Sen. James Lankford (R-Okla.) (AP)
(CNSNews.com) – Sen. James Lankford (R-Okla.) took to the Senate floor last Thursday to defend the right of assistant football coach Joe Kennedy of Bremerton High School to pray on the field after games.
The Bremerton School District put Coach Kennedy on paid leave last week because he refused to stop silently praying after every game--with players voluntarily joining him--as he has for the past seven years.
"According to the attorneys at the school, he was dismissed from his duties because last Friday night at the football game, he had the audacity to kneel down at the end of the game and silently pray at the 50-yard line when the game was over, when the school had instructed him that he was not to silently pray at the end of a game," Lankford said on the Senate floor.
"To his defense, this is not brand new," said Lankford. "Since 2008, this same coach, at the end of the games--each game--has had the habit of kneeling and praying at the 50-yard line after the kids have gone, after the game is over, to thank God for the safety of his kids."
“But for some reason the Bremerton School District has determined this is completely unacceptable," said the sentor. "Their perspective is that you can only have faith if no one sees it. They have literally set a new standard."
"They are saying that if you are a school official, no one can see that you have faith because if anyone sees that you have faith, they will take that as the establishment of religion from the school district," said Lankford. "That is a standard no court in America has set.
"That would mean any individual who is Jewish couldn’t wear a yarmulke if they were also a teacher," the senator said. "That would mean anyone who is Muslim couldn’t wear a head scarf because clearly that is a visual display of faith. That would mean no teacher could bow their head and pray before their meal in the school lunchroom. That would mean no football coach could kneel down with 5 seconds to go in the game in, the fourth quarter, before their 16-year-old is about to kick a field goal. They would say: No, you can’t kneel down and pray on the sidelines."
Sen. Lankford stressed that the coach was not compelling anyone to join him.
"This is not a situation where the coach was coercing his players to participate in a prayer or proselytizing his players while he was on school time," he said. "He was simply kneeling down to pray, and for whatever strange reason the school district has put him on paid administrative leave and has started the process of firing the coach."
The senator then noted that the U.S. Constitution protects the free exercise of religion--not the mere freedom to "worship" in some assigned space.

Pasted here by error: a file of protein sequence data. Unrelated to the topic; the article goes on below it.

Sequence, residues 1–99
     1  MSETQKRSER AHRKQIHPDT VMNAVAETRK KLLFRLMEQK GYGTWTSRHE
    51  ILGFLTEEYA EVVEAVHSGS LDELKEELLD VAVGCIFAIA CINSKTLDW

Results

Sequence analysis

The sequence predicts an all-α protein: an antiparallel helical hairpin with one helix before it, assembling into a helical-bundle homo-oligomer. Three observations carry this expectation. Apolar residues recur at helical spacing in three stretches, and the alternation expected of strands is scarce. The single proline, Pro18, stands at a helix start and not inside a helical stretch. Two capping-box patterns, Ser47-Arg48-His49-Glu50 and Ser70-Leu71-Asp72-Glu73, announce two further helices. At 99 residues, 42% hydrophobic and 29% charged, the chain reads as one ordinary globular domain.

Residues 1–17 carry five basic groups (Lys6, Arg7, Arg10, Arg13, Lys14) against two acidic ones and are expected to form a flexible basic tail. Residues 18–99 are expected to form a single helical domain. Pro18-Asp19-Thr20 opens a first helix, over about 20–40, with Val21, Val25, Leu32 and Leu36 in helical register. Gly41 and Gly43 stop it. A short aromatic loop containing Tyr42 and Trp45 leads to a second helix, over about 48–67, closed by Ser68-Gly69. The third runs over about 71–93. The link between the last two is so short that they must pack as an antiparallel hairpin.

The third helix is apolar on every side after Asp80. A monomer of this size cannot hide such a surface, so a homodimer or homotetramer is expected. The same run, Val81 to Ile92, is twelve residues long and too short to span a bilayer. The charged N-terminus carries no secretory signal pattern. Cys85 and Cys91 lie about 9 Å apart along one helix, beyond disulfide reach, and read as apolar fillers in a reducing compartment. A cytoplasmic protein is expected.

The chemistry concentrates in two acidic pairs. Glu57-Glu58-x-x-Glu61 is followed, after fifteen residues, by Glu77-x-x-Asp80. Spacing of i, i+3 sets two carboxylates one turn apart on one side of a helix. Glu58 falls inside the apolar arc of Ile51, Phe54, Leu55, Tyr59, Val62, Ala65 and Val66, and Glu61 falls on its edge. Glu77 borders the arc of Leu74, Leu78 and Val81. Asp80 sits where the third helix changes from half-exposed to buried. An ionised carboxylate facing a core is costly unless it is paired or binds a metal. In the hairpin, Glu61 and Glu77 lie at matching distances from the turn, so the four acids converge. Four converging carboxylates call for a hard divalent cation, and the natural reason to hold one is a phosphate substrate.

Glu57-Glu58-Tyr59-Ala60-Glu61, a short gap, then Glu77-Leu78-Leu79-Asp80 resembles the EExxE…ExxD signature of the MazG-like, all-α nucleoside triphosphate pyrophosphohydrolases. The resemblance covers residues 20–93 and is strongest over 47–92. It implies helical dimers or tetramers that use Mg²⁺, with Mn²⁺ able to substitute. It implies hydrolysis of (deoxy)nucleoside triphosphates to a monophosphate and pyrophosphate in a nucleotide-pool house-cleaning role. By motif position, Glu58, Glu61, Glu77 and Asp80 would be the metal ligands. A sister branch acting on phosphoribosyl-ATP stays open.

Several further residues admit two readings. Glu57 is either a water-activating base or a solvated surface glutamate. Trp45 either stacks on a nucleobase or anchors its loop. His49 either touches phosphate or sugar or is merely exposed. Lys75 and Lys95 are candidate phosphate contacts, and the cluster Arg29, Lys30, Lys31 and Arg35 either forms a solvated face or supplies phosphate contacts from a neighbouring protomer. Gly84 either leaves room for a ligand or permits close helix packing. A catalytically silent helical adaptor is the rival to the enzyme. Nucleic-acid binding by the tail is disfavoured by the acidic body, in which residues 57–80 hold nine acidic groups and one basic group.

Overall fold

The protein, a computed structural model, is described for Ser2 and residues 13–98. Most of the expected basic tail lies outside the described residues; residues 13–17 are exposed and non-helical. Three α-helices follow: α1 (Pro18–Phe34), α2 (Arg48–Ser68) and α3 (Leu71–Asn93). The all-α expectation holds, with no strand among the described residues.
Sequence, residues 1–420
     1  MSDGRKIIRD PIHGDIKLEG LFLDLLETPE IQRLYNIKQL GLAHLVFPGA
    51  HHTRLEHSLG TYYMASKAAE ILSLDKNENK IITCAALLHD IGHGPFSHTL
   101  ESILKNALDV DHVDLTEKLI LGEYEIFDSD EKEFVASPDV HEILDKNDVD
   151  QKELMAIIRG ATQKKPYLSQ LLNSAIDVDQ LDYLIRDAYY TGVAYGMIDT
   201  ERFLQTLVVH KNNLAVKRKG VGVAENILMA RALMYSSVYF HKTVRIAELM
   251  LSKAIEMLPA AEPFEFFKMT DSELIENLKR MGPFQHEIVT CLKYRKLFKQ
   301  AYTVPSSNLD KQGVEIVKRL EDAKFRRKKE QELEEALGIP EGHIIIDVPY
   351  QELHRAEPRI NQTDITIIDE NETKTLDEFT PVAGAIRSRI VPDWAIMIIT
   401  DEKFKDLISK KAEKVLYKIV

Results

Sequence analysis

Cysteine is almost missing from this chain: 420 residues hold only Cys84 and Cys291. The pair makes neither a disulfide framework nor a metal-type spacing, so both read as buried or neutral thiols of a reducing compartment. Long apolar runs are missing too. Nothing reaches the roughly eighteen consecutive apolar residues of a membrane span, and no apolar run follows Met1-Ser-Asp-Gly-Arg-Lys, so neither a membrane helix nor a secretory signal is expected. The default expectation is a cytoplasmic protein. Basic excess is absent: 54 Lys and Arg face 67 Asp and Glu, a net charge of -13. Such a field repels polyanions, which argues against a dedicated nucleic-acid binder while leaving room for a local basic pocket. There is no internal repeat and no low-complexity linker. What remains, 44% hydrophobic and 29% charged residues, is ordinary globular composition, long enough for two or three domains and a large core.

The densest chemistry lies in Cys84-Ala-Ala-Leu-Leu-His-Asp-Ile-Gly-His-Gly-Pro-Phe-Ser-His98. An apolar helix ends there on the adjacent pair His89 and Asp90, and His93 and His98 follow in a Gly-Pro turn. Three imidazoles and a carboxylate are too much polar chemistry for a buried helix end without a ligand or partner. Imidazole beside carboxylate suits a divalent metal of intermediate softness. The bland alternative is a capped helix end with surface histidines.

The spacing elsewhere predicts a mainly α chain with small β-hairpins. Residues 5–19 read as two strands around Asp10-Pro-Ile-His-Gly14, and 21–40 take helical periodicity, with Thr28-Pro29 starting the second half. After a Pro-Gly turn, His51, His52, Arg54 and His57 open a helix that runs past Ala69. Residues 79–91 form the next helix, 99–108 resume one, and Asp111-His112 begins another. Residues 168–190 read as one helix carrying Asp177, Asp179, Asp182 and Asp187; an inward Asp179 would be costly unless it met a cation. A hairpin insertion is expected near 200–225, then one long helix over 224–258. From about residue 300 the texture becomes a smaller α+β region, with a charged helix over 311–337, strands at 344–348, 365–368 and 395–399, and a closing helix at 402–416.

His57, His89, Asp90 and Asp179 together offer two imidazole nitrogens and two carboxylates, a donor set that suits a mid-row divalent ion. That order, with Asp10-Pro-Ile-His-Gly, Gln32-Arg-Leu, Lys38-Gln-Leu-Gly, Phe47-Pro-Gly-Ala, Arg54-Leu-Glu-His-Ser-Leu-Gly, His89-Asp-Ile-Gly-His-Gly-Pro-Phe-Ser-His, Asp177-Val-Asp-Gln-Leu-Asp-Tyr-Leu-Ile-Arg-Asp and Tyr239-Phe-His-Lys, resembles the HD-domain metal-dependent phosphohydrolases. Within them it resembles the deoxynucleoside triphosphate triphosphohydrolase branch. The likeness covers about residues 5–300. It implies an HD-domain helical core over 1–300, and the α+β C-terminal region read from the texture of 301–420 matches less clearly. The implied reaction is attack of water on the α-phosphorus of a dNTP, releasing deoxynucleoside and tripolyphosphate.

"May I remind Americans that we do not have freedom of worship in America; we have the free exercise of religion in America," he said. "The government does not have the authority to confine your faith to the location of the government’s choosing. A government entity like a school district cannot say to an employee: You can only live your faith over there, where we pick. I don’t know what the school district is going to do in the days ahead, but I know what Americans of all faiths and people of no faith should do. They should rise up and say: We are a nation that protects the free exercise of religion.
"And people who disagree with that coach should rise up in the same way with people who agree because I can assure you—if they will silence a the 50-yard line, I can assure you they will be after every other faith in the country and say: You can only practice your faith in the place of the government’s choosing," said Lankford. "That is not who we are.
"Coach Joe Kennedy has the right to pray anywhere he wants to pray as long as it doesn’t interrupt his school responsibilities," the senator said.
High School football coach Joe
Sen. Lankford and Rep. Randy Forbes (R-Va.) led 47 other members of Congress Tuesday in sending a letter in support of Coach Kennedy’s actions to the Bremerton School District’s Superintendent and the Bremerton High School Principal.
The letter argued that the Establishment Clause of the Constitution “exists to ensure that the government cannot affirmatively impose or elevate one religion over another but “does not prohibit the government from referencing religion altogether, nor does it require that government officials proactively scrub all references of religion from the public square.
“Rather, the Establishment Clause ensures both that the government does not show preference to a certain religion, and that the government does not take away an individual’s ability to exercise religion.”